The quickest and cheapest way is to do something similar to what you suggested: Every time the user performs a main function of your program, say it's "Pack Widgets onto Warehouse Floor," log that function, with an ID of the individual installation of the program, username and maybe the machine name too. Generate the unique ID on installation - maybe a GUID generated during the installation process.
The reason I say a main function (or several/all main functions) of the program is that they could just start the program once and you will only have one entry for billing. This way you can avoid that scenario, and also have the added side-benefit of seeing which functions of your program which users are actually using the most. This can help your sales team and also your development team target the correct areas.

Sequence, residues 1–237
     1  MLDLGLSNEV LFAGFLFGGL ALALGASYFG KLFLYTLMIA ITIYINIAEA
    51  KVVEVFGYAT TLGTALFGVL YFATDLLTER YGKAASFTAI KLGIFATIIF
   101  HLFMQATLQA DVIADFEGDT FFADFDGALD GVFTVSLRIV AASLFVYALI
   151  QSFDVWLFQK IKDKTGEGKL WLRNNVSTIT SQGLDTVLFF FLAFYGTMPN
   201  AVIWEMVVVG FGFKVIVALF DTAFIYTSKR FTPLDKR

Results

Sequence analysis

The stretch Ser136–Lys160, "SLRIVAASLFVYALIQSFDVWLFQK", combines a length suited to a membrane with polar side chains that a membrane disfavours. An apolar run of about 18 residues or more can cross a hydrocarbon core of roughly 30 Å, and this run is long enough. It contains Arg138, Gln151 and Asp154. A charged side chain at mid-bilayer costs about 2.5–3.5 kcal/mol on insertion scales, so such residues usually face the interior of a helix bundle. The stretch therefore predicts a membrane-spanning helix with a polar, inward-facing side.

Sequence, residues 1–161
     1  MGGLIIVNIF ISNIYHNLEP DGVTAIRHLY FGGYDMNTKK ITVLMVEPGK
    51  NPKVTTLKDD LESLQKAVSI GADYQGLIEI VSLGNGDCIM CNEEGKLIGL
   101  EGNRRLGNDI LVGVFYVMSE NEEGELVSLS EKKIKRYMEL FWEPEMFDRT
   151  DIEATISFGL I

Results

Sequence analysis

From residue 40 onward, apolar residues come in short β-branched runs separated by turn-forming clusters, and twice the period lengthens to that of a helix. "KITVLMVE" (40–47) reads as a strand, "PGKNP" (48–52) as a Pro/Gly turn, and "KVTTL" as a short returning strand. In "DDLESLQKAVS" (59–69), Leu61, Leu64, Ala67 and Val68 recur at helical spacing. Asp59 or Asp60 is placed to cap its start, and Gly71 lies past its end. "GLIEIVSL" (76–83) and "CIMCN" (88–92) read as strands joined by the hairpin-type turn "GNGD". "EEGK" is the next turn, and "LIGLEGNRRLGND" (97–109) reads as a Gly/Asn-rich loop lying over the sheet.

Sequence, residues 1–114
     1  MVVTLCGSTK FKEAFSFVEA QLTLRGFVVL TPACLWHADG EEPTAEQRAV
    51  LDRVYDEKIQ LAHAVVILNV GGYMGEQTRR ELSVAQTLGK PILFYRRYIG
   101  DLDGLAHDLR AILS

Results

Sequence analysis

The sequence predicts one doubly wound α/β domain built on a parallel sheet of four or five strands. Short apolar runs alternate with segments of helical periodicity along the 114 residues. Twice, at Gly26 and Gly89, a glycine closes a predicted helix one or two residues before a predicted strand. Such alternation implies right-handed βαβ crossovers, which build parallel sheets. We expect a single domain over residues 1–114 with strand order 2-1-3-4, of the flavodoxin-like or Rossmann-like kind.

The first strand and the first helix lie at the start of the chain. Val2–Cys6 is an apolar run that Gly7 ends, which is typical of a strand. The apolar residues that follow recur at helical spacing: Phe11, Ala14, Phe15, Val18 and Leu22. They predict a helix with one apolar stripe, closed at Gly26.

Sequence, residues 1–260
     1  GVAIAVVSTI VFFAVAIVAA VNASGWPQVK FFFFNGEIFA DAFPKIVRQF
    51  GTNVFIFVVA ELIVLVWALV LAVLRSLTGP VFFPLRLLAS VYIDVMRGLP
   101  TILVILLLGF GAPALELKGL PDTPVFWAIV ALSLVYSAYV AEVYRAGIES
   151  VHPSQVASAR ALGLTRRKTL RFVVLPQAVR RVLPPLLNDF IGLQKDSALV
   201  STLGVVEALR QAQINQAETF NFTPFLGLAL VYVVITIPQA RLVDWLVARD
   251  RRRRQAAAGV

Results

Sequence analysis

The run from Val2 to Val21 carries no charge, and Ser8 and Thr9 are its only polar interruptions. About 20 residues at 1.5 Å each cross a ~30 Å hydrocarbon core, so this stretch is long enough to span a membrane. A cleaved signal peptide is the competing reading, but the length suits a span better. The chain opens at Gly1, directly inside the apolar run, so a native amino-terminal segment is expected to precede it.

Make sure that you tell the client that you're going to be billing them based on usage and that the program needs to connect to external servers in order to function. However, you need to make sure that the client's business can continue to function when their internet connection is down. Cache these usage logs locally in an encrypted cache (so that tech savvy clients can't jippo your system easily) and then have a maximum period that the program can function without having an internet connection, say a week or two. After that period, the program will refuse to work unless it connects to your server.
Let's say the client can't connect because a hurricane has taken down the comms for two weeks. In that really bad situation, the client types in a code that you give them over the phone that gets evaluated in your program (NOT something like "give me more time", but a proper code that gets checked by a relatively simple algorithm) and they get another week's grace period. However, I discourage this as it adds unnecessary complexity. If you're concerned about this type of scenario and you're on a monthly billing cycle, rather consider making the cache period three or four weeks.